I do, however, agree with the general spirit of what Kevin says. Of course you can infer doctrines form general biblical principles. That’s mostly how I infer and believe in infant salvation. I do believe scripture teaches that children are not held morally guilty for their fathers’ sins (cf. e.g. Ezekiel 18). But I also infer it from my knowledge of the love and mercy of God revealed more broadly in Scripture, reason, tradition and experience (a quadrilateral Wesleyan flavour there!). God would not damn children who have not consciously sinned and rejected him of their own accord.  The problem is that I also think heathens who are outside the present ‘range’ of the preaching of the Christian people do indeed consciously reject God out of their lives. More on that below in section 4. Furthermore, I do think there is some explicit biblical indication that people need to hear, being convicted by and repent and believe the Gospel to be saved from their sins. More on that below in section 3.

2.5 Inclusivism in the Early Church

Kevin also finds support for Inclusivism among certain early church fathers. Certainly the classical world was very reprobate at that time, and they would have been conscious about the extent of the unreached. I doubt the modern world is less reprobate; perhaps even more so.

Well, I don’t have much to say to this given my ignorance of the patristics. Save except two thoughts. First, surely, the vast degree of heathenry is the very reason for the urgentness of spreading the message. Why travel all over the Mediterranean like Paul and why go to India like Thomas, being battered, bruised, abused and ultimately murdered, if you thought people could be saved without hearing of Christ? Why travel over the Atlantic Ocean to the American Indians, like Wesley did, if you thought they could be saved despite worshiping their Great Spirit and who knows what else? Second, even if some of the fathers did say it, what if some of the fathers were in favour of a literal body-and-blood Eucharist, or the veneration of icons, as the Roman Catholics or the Eastern Orthodox allege to support their practices? It seems to me that if any ancient bishop said anything, the first thing we ought to do is challenge them to show it to us form the Word of God. And if they couldn’t do that, because they didn’t have a Bible, then how could we agree with them in conscience? I certainly couldn’t.

2.6 Exclusivism is Synonymous with Calvinist Thought

Last, Kevin provides a real stinger for an Arminian: Exclusivism is Calvinist in character. There is no practical difference, he says, between God’s not giving grace to everyone (Calvinism) and God’s justly leaving someone in their sins outside the Gospel-word (Exclusivism). “All Arminians ought to reject [E]xclusivism for the same reasons they reject Calvinism,” he says. “Our view of God’s character demands it.”

But surely there is a difference. For in the Exclusivist case, God is being just in leaving people in their sins, even according to Kevin (“God justly [emphasis added] leaves them in their sin”). But in the Calvinists case, surely God is not just. On Calvinism, God calls people to repentance, but then specifically does not give them the grace sufficient for their repentance. But God then holds them accountable for not repenting, even though God knows that the only reason they do not repent is that eh doesn’t give them the grace necessary for that end. That isn’t just. That’s a foolish game. But on my story about Exclusivism, at least, God does give people grace, such that they can be held morally accountable before him for rejecting, though this grace is not of the kind such that, simply by responding to it in the right way, people can be saved by virtue of it. I will explain my story below.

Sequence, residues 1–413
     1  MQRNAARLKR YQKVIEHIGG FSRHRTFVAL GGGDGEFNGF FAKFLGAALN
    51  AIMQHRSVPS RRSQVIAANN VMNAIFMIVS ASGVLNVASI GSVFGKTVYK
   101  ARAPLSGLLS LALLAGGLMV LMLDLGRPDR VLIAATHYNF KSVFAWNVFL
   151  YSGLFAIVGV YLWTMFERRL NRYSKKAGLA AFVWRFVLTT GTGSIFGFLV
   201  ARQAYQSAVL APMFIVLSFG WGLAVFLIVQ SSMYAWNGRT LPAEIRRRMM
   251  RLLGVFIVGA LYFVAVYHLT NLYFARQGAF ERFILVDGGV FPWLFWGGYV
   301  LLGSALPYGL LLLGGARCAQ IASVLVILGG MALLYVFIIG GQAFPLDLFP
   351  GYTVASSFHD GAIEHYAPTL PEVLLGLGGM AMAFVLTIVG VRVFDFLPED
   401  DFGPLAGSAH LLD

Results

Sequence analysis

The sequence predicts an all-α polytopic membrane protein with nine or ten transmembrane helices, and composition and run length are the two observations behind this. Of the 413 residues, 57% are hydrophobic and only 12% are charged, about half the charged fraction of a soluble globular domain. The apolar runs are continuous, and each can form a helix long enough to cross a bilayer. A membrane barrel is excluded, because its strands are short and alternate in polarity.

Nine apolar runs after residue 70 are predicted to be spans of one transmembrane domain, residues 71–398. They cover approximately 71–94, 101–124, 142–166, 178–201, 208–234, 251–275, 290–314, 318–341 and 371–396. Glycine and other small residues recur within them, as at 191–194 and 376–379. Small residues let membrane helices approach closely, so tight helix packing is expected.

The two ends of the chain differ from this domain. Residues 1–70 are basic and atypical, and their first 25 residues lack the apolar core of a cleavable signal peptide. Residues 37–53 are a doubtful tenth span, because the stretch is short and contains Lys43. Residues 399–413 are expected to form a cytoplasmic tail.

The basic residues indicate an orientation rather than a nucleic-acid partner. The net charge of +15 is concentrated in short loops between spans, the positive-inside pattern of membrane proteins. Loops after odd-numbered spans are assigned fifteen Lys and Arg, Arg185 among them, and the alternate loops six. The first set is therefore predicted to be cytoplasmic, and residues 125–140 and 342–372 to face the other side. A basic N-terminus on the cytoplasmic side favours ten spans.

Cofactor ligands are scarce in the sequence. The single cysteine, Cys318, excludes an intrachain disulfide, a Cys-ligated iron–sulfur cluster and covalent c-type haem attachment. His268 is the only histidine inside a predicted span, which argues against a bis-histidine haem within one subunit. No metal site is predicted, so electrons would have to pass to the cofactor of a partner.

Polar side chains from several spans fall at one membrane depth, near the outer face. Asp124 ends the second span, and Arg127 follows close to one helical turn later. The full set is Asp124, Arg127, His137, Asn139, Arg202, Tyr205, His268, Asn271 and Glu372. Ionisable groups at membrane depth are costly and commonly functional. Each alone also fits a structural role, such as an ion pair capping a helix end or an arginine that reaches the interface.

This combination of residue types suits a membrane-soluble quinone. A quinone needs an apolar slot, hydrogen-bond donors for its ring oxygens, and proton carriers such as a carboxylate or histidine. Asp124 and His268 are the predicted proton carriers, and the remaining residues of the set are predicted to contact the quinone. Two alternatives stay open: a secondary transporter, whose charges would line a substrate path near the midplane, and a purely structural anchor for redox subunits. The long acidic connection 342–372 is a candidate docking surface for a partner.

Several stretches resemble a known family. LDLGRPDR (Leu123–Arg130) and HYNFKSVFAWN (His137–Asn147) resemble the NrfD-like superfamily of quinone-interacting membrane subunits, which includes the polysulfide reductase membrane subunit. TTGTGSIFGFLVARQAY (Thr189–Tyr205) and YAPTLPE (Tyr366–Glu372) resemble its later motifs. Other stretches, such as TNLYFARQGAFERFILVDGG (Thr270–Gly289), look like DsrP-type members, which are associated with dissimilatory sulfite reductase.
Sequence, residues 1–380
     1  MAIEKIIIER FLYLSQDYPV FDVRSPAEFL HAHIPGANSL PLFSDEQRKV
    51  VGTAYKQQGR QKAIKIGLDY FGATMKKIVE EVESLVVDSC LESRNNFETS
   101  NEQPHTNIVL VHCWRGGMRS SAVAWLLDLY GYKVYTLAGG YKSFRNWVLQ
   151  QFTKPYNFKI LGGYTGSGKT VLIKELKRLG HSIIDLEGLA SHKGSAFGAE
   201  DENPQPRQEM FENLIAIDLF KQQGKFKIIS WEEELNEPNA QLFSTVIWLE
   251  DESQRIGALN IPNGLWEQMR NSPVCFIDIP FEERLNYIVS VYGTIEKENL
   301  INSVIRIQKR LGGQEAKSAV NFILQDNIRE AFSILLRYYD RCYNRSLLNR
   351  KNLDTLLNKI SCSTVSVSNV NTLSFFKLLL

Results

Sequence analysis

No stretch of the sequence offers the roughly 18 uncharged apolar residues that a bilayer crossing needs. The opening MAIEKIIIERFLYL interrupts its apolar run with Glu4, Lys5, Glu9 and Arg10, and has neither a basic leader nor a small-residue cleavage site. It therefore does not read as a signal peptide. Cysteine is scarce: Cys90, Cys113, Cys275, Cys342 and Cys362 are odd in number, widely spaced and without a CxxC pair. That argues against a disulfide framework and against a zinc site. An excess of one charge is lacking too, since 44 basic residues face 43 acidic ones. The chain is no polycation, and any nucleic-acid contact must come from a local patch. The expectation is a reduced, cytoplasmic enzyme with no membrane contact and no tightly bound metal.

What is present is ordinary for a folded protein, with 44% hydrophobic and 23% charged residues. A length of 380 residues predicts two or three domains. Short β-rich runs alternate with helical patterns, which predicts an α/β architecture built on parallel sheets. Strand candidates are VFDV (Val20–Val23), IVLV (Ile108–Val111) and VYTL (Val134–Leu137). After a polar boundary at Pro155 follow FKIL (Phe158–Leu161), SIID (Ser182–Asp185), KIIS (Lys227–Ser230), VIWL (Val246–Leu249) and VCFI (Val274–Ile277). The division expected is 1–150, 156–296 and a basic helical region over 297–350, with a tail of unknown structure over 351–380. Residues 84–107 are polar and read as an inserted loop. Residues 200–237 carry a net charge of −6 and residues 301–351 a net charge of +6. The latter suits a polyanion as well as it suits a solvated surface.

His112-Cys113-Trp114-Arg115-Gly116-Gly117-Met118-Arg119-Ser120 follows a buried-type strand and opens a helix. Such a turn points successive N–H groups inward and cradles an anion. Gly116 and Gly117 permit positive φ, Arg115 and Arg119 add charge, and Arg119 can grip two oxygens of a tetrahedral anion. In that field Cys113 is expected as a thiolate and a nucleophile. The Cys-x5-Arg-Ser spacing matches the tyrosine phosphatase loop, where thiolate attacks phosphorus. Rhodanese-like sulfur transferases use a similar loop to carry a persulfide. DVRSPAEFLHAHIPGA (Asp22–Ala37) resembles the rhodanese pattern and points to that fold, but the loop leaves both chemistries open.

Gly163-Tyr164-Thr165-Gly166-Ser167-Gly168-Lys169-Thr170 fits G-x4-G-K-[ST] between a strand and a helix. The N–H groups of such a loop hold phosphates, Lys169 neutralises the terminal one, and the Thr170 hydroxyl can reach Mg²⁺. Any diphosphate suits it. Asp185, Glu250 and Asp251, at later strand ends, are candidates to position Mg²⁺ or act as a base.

Now let us move onto how I think Exclusivism is both biblical and makes sense, even in light of those doctrines about God’s universal saving desire and amazing free grace both Kevin and I hold dear as Arminians.

3. Exclusivism is Supported by Romans 10:14-15. For me, the question is not just what seems most right to say, but important, too, is what does the Bible also explicitly say. “Trust in the Lord with all your heart, and lean not on your own understanding,” says the Lord (Proverbs 3:5). And: “Will not the judge of all the earth do right?” (Genesis 18:25). I’m sure Kevin would wholly agree with me on this point.

But it is here, on the Bible, where Inclusivism fails — so I will argue. With this in mind, then, let’s turn to Romans 10:14-15, which is, to me, a kind of foundation text for Exclusivism in the same way that John 3:16 is a foundation text for the love of God for the whole world through the Gospel. Here’s what it says:


14 How then will they call on him in whom they have not believed? And how are they to believe in him of whom they have never heard? And how are they to hear without someone preaching? 15 And how are they to preach unless they are sent? As it is written,“How beautiful are the feet of those who preach the good news!” (Romans 10:14-15; cit. Isaiah 52:7.)


Let’s place this passage in its proper context.  Immediately, it forms part of the Romans 9-11 discourse on the unbelief and justification of the Jews, so the object of speech here (“they”) will be the Jewish people and not people in general. This of course takes place in the wider context of the whole book of Romans, which is arguably a discourse on the whole of salvation from beginning to end: its reason, its cause, its grounds, its purposes or ends and its consequences, and so on and so forth. Historically, Paul was clearly writing to the culturally mixed church(es) in Rome, which was a metropolitan mixing pot of the cultures and languages and customs of about 1.5 million Greek, Hebrew and Latin (etc.) people. Paul’s concern seems have been to clarify so misapprehensions about both Jew and Gentile in God’s salvation through the death and resurrection of Jesus Christ for the whole world.